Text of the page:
(B) Ability to manage stress.
(C) Parenting skills and emotional openness and flexibility to provide continuity of a caring relationship.
(D) Capacity to parent a child who has experienced trauma and who may have other special needs.
(E) How the children living at home will be affected.
(F) How supervision for the child will be arranged in accordance with the child's age and developmental ability at times when the prospective adoptive parent is not able to be in the home.
(vi) Health status verification regarding the prospective adoptive parent based on a doctor's examination made within six months prior to the date of application.
(vii) Financial status that verifies income sufficient to provide for a child's needs.
(viii) Home health and safety assessment.
(d) The evaluation of the family shall include their strengths and challenges.
(e) To preserve family connections for adopted children, home study requirements for relatives or friends known to the child that do not impact the health and safety of the child may be waived.
(f) Recommendations shall be made regarding the specific child intended to be adopted or the age and type of child who can best fit into the home to ensure the healthy development of the child.
(1) Child-specific home studies will be reviewed by the child's caseworker or designated adoption worker.
(2) All other home studies will be reviewed by the identified region committee. As a result of the review, the region committee will determine if the applicant is approved to receive adoptive placements, if the applicant is denied for adoptive placements, or if more information is needed from the applicant.
(a) If the applicant is approved for adoptive placements, the region committee (or region designee) will send a letter to the applicant to let them know that they are approved for adoptive placements.
(b) When Child and Family Services determines through the region committee that there are concerns about making an adoptive placement with the adoptive applicant:
(i) The region committee or designee will provide their concerns in writing to designated region staff. The concerns will include any steps an adoptive applicant may take in order remedy concerns.
(ii) Two designated region staff members will meet with the adoptive applicant and review the concerns outlined by the region committee, including whether the concerns can be resolved.
(iii) The region designees will take clarifying information and/or steps that the applicant has taken to remedy concerns back to the region home study committee.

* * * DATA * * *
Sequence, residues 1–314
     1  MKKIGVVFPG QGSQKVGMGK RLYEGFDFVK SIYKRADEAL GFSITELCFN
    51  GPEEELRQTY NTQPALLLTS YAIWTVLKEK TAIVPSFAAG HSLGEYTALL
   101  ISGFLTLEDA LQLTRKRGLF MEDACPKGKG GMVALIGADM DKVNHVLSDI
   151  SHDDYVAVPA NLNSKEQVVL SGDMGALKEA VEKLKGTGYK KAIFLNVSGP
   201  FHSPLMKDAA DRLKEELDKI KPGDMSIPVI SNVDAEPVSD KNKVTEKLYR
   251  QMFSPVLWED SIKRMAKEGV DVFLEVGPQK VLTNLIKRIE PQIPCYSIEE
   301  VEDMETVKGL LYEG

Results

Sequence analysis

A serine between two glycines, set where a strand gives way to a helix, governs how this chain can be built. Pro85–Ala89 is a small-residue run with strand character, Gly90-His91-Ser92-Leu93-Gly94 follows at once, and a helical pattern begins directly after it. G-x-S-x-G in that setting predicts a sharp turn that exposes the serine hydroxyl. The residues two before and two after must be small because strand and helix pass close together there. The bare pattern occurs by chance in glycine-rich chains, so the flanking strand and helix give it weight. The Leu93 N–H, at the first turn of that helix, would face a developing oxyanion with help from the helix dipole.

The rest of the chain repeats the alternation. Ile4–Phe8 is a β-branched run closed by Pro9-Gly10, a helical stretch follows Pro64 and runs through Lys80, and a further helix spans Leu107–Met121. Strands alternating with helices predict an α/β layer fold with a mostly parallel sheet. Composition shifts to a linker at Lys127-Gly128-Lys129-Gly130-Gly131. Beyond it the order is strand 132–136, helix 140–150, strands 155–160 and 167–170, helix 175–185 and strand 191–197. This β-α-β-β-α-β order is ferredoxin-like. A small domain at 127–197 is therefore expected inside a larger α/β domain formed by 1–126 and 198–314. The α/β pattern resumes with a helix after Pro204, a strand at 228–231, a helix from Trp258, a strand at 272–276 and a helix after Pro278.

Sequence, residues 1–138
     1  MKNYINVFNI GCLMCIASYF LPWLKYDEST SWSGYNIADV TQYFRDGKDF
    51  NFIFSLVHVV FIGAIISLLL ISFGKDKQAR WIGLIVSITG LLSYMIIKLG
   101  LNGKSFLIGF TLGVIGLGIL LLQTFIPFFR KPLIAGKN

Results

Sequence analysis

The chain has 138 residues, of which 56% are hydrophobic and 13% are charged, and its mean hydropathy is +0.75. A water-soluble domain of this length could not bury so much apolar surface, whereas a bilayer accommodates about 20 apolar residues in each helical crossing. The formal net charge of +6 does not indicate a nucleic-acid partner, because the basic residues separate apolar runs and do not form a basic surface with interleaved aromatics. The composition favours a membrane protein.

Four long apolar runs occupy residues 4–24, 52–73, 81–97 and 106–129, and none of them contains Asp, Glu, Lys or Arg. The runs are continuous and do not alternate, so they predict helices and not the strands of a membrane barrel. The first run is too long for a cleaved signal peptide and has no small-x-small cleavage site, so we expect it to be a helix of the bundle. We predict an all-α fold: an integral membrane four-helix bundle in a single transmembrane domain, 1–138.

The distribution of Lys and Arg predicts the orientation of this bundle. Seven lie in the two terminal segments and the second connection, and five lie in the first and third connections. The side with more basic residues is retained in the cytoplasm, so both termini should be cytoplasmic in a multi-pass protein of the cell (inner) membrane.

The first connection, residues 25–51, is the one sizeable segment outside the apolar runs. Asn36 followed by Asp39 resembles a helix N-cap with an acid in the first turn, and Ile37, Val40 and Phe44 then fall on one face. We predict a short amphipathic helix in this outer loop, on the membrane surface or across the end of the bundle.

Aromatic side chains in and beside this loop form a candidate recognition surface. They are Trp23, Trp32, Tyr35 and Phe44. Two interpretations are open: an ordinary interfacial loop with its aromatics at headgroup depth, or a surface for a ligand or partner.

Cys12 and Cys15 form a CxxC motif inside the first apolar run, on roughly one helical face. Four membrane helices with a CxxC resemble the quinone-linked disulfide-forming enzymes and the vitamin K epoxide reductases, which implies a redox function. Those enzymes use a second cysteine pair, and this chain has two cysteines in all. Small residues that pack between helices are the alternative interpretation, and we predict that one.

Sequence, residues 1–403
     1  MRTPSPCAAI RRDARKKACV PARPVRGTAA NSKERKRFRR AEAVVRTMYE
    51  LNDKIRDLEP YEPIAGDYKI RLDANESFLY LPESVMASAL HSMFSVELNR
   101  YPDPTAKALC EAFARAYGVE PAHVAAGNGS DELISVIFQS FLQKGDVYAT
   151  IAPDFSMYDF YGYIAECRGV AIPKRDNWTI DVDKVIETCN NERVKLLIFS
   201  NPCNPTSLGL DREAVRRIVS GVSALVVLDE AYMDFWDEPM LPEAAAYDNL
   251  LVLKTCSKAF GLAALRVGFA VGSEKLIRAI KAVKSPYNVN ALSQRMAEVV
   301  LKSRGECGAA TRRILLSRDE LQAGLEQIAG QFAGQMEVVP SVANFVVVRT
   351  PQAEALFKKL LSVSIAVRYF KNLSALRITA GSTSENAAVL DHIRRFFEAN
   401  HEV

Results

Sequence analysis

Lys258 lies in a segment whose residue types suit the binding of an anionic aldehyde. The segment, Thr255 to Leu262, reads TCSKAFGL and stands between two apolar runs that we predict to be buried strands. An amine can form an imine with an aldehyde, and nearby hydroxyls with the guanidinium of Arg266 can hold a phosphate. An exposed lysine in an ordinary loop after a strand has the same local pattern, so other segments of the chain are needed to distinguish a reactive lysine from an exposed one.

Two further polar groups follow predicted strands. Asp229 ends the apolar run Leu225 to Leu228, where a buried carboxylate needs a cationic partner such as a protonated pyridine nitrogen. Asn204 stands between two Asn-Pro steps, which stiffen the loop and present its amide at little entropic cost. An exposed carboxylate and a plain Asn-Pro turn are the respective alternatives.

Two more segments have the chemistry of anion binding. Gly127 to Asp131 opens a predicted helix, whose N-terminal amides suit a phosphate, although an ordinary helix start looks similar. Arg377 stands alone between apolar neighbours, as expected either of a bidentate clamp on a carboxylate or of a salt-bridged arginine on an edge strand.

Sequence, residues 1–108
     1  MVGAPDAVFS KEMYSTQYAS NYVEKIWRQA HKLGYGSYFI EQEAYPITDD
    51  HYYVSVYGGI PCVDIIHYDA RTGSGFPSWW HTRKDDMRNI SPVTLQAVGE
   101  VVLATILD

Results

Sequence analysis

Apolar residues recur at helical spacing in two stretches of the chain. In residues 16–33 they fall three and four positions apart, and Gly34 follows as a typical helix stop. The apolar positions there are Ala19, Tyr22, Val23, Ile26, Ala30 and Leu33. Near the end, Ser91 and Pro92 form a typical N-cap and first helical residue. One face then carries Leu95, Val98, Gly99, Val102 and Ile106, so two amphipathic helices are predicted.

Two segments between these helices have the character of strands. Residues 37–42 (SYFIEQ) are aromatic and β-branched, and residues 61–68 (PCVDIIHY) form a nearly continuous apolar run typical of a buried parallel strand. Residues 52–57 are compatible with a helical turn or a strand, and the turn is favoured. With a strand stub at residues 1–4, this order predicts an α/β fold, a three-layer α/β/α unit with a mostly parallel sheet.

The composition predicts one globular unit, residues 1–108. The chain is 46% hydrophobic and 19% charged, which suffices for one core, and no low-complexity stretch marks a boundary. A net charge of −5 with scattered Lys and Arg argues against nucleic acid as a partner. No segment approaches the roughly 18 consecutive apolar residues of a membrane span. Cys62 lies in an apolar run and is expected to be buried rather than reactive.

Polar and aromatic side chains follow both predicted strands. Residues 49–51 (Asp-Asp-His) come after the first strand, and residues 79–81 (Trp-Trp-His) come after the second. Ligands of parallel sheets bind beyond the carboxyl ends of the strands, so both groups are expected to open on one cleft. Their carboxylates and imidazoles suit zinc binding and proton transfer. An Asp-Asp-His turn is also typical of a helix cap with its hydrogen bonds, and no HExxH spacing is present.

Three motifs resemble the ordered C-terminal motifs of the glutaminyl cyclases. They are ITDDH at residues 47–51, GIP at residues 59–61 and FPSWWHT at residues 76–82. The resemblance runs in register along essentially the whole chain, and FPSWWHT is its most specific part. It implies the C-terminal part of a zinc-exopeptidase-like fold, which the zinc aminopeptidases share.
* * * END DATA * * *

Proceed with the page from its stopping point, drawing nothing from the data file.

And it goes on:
(iv) If the applicant has been able to remedy the concerns to the satisfaction of the region committee, the region committee will approve the applicant to receive adoptive placements.
(v) If the applicant is unable or unwilling to remedy the concerns, a formal, written letter will be sent to the adoptive applicant explaining that Child and Family Services will not be making an adoptive placement with them.
(c) If an applicant is denied for adoptive placements, the applicant may request that the Child and Family Services region director or designee review the reasons for the denial. The Child and Family Services region director or designee is the only person who has the authority to reverse a denial.
(3) All adoptive home studies will require an updated amendment within 12 months immediately preceding the placement of a child.
(a) A family licensed as a foster parent will require a home study update every 12 months to include background and child abuse registry clearances and to address any changes in the circumstances of the family.
(b) A family that is not licensed as a foster parent or has let their license lapse must have a home study update within 18 months of the original home study to include background and child abuse registry clearances and address any changes in the circumstances of the family.
(c) A home study that is older than two years will require new training requirements and a complete new home study.
(4) The home study document will be maintained in the Child and Family Services offices and will be destroyed according the retention schedule.
November 21, 2019
October 13, 2016
53-10-108; 62A-4a-102; 62A-4a-105; 62A-4a-205.6; 62A-4a-607; 78B-6-128
For questions regarding the content or application of rules under Title R512, please contact the promulgating agency (Human Services, Child and Family Services). A list of agencies with links to their homepages is available at http://www.utah.gov/government/agencylist.html or from http://www.rules.utah.gov/contact/agencycontacts.htm.